There’s also a bus stop right in front of our house. Mostly it’s only lightly used, with the exception of weekday mornings when a few dozen teens in the same school uniforms appear from every direction and congregate on the sidewalk (“pavement” in English) to wait for a bus that passes around 8 AM. They don’t generally have “yellow” school buses here in England; kids use the public buses. (At that, some American parents clutch their chests; but it is safe.)

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From Across The Irish Sea

Only minutes after I published yesterday’s post, my shaken mother-in-law phoned us with sad family news.

Excerpt from "Distances." Click to expand.
Excerpt from “Distances.” Click to expand.

My wife’s uncle-in-law, who was an inspiration for a gregarious, friendly Irish tourist in Rome in Distances, died at home in London early Sunday morning.

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In The Shadow Of Windsor

Friday night we went to an, uh, fiftieth birthday party at a hotel two minutes’ walk around from Windsor Castle:

The Queen Victoria statue in front of Windsor Castle. [Photo by me, 2016.]
The Queen Victoria statue in front of Windsor Castle. [Photo by me, 2016.]

The castle is along the edge of Windsor. I’d never been to Windsor or so close to the castle before.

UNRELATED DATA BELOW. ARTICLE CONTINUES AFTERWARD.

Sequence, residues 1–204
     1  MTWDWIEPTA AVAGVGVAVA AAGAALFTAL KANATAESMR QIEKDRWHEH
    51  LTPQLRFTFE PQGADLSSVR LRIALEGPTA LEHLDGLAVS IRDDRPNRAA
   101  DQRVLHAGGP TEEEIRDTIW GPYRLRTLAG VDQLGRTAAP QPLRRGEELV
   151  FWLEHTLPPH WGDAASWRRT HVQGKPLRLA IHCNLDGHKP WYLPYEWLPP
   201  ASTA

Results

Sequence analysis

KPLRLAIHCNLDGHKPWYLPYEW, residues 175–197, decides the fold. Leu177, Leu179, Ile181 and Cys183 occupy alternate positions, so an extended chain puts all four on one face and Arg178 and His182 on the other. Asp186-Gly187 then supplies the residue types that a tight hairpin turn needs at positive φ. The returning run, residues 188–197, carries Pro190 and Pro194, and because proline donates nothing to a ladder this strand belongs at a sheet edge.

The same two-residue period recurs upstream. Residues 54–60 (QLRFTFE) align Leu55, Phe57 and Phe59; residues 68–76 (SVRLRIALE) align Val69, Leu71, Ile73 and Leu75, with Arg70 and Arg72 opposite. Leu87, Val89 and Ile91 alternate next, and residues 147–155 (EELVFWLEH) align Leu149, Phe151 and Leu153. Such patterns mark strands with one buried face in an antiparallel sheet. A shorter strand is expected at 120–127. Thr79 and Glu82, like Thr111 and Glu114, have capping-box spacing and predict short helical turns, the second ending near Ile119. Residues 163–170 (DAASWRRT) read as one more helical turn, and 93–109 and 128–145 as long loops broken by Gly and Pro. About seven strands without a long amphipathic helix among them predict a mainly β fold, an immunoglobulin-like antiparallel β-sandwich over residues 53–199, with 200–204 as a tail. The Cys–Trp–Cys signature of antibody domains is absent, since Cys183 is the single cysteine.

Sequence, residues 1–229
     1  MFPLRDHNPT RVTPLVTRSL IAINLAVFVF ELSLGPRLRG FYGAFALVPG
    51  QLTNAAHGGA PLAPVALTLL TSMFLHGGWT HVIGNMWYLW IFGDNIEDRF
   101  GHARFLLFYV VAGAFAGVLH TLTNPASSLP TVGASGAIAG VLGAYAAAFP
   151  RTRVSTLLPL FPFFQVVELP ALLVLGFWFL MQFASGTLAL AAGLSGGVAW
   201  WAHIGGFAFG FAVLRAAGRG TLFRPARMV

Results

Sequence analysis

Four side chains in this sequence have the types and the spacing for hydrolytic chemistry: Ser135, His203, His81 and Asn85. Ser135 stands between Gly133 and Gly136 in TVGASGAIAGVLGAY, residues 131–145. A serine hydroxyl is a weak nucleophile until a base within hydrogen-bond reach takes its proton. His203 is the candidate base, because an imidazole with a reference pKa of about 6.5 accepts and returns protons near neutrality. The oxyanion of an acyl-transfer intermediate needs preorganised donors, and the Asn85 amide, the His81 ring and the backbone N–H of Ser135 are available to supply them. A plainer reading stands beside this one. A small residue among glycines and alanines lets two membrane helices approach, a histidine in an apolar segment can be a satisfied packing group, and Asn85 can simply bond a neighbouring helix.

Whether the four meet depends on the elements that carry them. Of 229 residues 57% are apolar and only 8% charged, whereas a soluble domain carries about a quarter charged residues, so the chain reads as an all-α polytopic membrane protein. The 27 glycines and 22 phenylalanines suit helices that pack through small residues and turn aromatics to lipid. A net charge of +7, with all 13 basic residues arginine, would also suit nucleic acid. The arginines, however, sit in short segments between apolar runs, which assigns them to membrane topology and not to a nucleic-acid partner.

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Your Mark On Forever

I just got a text from my 18 year old niece. Her flight landed a little while ago in Belfast. She starts at university there on Monday.

How can she possibly be 18? Because that’s life for all of us. It’s the inevitable passage of time.

Thinking this morning about what I’ve worked on in recent days (examples are here and here) while the wife was away in Lisbon, and also in total over the last few months, I’m pleased for the moment at least.

Among what I listen to while writing. When the wife arrived home, she had, uh, caught me...listening to Sara Bareilles in the house. [Screen capture of my iPhone yesterday.]
Among what I listen to while writing. When the wife arrived home, she had, uh, caught me…listening to Sara Bareilles in the house. [Screen capture of my iPhone yesterday.]

Having finished another chapter, as I skimmed and re-read other more complete parts of that Conventions manuscript yesterday, briefly I’d disjointedly thought something along these lines:

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A Pivotal Introduction

I had some “fun” yesterday after leaving you here. As I had noted in yesterday’s post, there’s always something that needs writing, or just more cleaning up. Aside from simply not wishing to write, there’s really no excuse for any author (or an aspiring one) to be idle.

Write, write, write.